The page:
[Economic Report of the President (2013)]
[Administration of Barack H. Obama]
[Online through the Government Printing Office, www.gpo.gov]

113th Congress, 1st Session..............................H. Doc. 113-2
 
ECONOMIC

REPORT

OF THE

PRESIDENT




transmitted to the congress
march 2013


together with

the annual report
of the

council of economic advisers



UNITED STATES GOVERNMENT PRINTING OFFICE
WASHINGTON : 2013




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ISBN


CONTENTS



ECONOMIC REPORT OF THE PRESIDENT .............................    1

ANNUAL REPORT OF THE COUNCIL OF ECONOMIC ADVISERS* ...........    7

CHAPTER 1. RECOVERING FROM THE PAST AND PREPARING FOR
THE FUTURE .......................................... 21

CHAPTER 2. THE YEAR IN REVIEW AND THE YEARS
AHEAD...............................................  41

CHAPTER 3. FISCAL POLICY ....................................... 91

CHAPTER 4. JOBS, WORKERS AND SKILLS ........................... 119

CHAPTER 5. REDUCING COSTS AND IMPROVING THE
QUALITY OF HEALTH CARE ............................. 161

CHAPTER 6. CLIMATE CHANGE AND THE PATH TOWARD SUSTAINABLE
ENERGY SOURCES ..................................... 185

CHAPTER 7. INTERNATIONAL TRADE AND COMPETITIVENESS ............ 209

CHAPTER 8. CHALLENGES AND OPPORTUNITIES IN U.S.
AGRICULTURE ........................................ 237

REFERENCES .................................................... 265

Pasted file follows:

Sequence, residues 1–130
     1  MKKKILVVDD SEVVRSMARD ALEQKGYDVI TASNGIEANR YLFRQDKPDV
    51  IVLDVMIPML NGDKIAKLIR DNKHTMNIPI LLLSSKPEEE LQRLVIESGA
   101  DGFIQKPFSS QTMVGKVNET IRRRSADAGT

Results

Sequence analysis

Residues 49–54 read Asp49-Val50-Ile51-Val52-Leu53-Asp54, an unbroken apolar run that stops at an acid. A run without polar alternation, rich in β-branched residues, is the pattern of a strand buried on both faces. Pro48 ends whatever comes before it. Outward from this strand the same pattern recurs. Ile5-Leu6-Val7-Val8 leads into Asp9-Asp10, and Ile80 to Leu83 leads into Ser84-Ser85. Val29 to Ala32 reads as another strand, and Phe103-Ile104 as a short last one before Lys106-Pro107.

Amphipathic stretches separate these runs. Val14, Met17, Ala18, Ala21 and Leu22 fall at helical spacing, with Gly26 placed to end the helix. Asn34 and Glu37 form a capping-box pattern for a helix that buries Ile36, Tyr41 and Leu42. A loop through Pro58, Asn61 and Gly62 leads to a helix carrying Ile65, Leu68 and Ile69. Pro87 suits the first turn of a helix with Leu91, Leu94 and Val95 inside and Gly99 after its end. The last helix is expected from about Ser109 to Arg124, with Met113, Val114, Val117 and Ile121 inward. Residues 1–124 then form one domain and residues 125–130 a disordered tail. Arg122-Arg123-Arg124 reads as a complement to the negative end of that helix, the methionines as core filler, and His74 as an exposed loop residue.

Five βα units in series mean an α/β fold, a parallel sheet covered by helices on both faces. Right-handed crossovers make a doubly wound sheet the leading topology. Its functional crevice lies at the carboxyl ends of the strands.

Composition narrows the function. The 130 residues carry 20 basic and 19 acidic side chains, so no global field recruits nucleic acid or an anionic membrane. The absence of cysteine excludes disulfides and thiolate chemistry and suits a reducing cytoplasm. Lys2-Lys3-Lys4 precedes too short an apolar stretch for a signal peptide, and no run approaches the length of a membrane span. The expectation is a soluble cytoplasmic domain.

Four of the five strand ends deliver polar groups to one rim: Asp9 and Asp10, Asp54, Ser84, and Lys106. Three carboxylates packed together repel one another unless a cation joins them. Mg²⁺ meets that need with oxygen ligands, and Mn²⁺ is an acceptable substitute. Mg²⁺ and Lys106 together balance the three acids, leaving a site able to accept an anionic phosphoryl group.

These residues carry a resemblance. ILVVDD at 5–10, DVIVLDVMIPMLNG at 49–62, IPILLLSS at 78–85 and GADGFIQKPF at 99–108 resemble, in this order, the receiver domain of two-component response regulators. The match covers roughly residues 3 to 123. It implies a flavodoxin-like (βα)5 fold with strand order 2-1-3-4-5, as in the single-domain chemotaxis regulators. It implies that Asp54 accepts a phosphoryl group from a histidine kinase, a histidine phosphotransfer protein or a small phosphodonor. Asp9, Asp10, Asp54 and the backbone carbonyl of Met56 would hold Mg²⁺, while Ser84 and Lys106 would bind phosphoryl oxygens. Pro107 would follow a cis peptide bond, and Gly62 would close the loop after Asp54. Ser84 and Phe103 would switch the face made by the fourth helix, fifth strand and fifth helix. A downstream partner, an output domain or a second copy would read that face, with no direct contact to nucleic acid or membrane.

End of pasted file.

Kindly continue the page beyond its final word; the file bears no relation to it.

APPENDIX A REPORT TO THE PRESIDENT ON THE ACTIVITIES
OF THE COUNCIL OF ECONOMIC ADVISERS DURING 2012 .... 299

APPENDIX B. STATISTICAL TABLES RELATING TO INCOME,
EMPLOYMENT, AND PRODUCTION ........................ 313


--------------

*For a detailed table of contents of the Council's Report, see page 11.




economic report
of the

president


ECONOMIC REPORT OF THE PRESIDENT




To the Congress of the United States:

This year's Economic Report of the President describes the progress
we have made recovering from the worst economic crisis since the
Great Depression. After years of grueling recession, our businesses
have created over six million new jobs. As a nation, we now buy more
American cars than we have in 5 years, and less foreign oil than we
have in 20 years. Our housing market is healing, and consumers,
patients, and homeowners enjoy stronger protections than ever before.

But there are still millions of Americans whose hard work and
dedication have not yet been rewarded. Our economy is adding jobs,
but too many of our fellow citizens still can't find full-time
employment. Corporate profits have reached all-time highs, but for
more than a decade, wages and incomes for working Americans have
barely budged.

Our top priority must be to do everything we can to grow our economy
and create good, middle-class jobs. That has to be our North Star.
That has to drive every decision we make in Washington. Every day,
we should ask ourselves three questions: How do we attract more
jobs to our shores? How do we equip our people with the skills needed
to do those jobs? And how do we make sure that hard work leads to a
decent living?

We can begin by making America a magnet for new jobs and manufacturing.
After shedding jobs for more than a decade, our manufacturers have
added about half a million new jobs over the past 3 years. We need
to accelerate that trend, by launching more manufacturing hubs that
transform hard-hit regions of the country into global centers of
high-tech jobs and manufacturing. We need to make our tax code more
competitive, by ending tax breaks for companies that ship jobs
overseas, and rewarding companies that create jobs here at home. And
we need to invest in the research and technology that will allow us
to harness more of our own energy and put more people back to work